I’m not a great fan of modern art, but every now and again the occasional piece jumps out and grabs me. ‘Le Bal Bullier’ painted by French artist Sonia Delaunay in 1913 is one such painting. While in Paris a few years ago my husband and I visited the Musee d’Art Moderne in the Centre Pompidou, and saw there the original oil on canvas – not being a natural modern art aficionado I’d never heard of Sonia Delaunay before, so finding her work was an enlightening discovery for me.
The scene depicts swaying couples dancing the tango in the Bullier Ballroom in Paris during the early years of the Twentieth Century, and to my eye there is just so much fluidity of movement and blending of colour in this painting I fell in love with it the moment I saw it hanging on the wall.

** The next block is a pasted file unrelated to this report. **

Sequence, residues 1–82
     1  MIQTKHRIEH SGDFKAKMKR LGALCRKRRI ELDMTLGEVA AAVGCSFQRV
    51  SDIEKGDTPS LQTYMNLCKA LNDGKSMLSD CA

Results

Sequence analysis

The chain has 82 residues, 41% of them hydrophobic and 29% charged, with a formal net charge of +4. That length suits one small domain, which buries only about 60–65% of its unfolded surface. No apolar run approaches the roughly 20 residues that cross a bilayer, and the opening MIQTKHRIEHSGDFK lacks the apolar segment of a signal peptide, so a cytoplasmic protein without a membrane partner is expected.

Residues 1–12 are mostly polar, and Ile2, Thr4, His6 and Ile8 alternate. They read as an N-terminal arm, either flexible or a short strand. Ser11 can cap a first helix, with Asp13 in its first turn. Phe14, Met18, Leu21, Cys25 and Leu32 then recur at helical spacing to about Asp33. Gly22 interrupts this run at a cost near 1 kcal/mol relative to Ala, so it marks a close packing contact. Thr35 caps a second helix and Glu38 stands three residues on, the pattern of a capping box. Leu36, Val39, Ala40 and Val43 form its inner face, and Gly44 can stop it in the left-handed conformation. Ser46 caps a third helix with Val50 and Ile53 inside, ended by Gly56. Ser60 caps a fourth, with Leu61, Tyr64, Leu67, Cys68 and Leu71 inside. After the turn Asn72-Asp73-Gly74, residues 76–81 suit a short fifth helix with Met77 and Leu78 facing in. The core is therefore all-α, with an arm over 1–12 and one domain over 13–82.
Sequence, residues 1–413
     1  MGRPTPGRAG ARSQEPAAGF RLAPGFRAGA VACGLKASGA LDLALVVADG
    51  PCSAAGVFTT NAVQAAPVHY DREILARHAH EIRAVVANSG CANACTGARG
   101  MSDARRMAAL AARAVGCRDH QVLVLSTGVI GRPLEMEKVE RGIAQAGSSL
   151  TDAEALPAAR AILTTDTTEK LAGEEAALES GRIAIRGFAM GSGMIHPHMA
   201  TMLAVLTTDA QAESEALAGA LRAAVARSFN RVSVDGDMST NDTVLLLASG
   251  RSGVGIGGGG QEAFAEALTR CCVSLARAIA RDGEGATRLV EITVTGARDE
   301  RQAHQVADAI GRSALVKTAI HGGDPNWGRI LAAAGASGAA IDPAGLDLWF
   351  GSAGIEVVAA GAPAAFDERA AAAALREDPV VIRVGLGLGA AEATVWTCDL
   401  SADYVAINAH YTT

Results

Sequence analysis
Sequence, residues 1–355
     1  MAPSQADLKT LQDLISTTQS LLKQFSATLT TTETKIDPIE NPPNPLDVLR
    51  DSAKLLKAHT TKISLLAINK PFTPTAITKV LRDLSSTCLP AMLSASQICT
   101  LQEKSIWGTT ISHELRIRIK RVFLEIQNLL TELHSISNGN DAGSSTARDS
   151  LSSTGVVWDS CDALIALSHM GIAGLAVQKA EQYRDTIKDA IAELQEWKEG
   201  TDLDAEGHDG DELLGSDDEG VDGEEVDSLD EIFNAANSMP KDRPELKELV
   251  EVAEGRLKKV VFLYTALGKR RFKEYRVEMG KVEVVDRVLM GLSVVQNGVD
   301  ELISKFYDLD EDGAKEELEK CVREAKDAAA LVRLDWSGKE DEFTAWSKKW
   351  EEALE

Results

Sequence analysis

Perhaps this particular image doesn’t really do it justice, as I feel that the somewhat muted colours here lack some of the ‘punch’ of the real thing, yet some of the stock images I’ve seen online seem to my eye to be too garishly bright, which is not at all how I remember it. I remember a soft subtlety about the juxtaposition of tone, creating an understated pleasing resonance rather than an in-your-face cacophony of colour.
I suppose taking a picture of any canvas solely under gallery lighting is never going to be ideal – but nevertheless this is our photograph of the original painting, taken on the day I first saw it, and therefore it holds a particular sentimental meaning for me. It’s amazing to think that this particular work is now over 100 years old, but yet for me it retains a vibrancy of feeling that keeps it fresh and new even today